The team, from nearby Mainz University, discovered a Roman coin, pieces of pottery, roof tiles, decorated bricks and 23 pieces of raw lead. The students also believe they have found the wall outlines of a building.
"If it’s from the second century A.D., it would be a civilian building and we didn’t expect this. We expected only military buildings," said Dr. Guntram Schwitalla, a district archaeologist in Hessen.
Monday, September 28, 2009
It looks like we'll have an opportunity to study examples of some of the first ancient ships built using the "skeleton approach" method of construction. Thirty-four intact vessels have been recovered from the ancient port of Theodosius during the construction of the Bosporous Tunnel project began five years ago to connect European and Asian sections of Istanbul.
It [the port of Theodosius] was originally built at the end of the 4th century AD by Emperor Theodosius I when Istanbul -- then known as Constantinople -- was the capital of the eastern Roman Empire. The port's harbor silted over centuries ago, and eventually disappeared beneath subsequent layers of civilization.
The Yenikapi dig has uncovered an ancient armada: 34 Byzantine ships ranging from dating between the 7th and 11th centuries AD.
The largest of the ships is believed to have once carried wheat from Egypt to Constantinople.
Scattered around the ship are shards of pottery, animal bones, and thousand-year-old clamshells.
Historians say the new discoveries include the first examples of ships being built using the beginnings of the "skeleton approach" to constructing the vessel's hull. Pulak says that marked a revolutionary change which transformed shipbuilding from "mostly an art form to a science."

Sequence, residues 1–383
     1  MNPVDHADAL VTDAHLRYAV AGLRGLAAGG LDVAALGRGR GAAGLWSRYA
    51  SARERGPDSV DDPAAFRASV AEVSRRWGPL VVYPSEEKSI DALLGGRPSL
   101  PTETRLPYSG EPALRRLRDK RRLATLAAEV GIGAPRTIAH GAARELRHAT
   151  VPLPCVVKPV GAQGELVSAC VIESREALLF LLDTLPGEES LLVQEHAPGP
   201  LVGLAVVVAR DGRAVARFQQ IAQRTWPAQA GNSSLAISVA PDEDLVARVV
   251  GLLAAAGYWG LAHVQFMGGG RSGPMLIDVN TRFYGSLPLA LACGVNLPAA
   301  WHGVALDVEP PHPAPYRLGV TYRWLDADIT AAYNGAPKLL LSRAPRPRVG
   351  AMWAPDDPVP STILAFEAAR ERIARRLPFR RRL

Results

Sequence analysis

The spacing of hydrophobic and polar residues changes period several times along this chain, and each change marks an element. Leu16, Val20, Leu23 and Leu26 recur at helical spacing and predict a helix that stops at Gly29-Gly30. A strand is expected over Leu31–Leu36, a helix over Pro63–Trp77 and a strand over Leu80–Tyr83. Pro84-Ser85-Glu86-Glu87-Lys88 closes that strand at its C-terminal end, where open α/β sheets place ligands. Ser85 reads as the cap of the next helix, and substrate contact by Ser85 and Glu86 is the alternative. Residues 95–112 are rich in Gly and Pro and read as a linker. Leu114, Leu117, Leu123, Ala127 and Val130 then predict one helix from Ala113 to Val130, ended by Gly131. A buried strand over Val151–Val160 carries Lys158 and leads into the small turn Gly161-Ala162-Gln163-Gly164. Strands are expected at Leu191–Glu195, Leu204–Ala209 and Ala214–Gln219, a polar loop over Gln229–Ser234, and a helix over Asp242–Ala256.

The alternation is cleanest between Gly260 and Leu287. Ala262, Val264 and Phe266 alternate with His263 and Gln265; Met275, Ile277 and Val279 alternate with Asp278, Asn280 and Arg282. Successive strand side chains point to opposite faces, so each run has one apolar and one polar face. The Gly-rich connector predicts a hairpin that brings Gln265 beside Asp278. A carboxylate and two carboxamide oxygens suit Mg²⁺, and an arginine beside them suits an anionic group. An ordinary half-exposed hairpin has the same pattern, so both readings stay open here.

"The earlier methods of building depended on verbal transference of the method from master shipbuilders to apprentices," he explained. "The development of the latter method ... allowed for the speedy communication of new shipbuilding ideas that could be transmitted on paper. It is the beginning of engineering. Ships could be preconceived and pre-designed."
In addition to finding the timbers of thousand-year-old jetties and docks, which still jut up in straight rows at the bottom of the mammoth pit, archaeologists have uncovered the remnants of a pre-historic human settlement.
"The first man, about 8,400 years ago, came and started to settle here," Yilmaz said. "There was no Bosphorus [then]. The Bosphorus was a river valley... the people who settled here walked across the Bosphorus." - CNN.com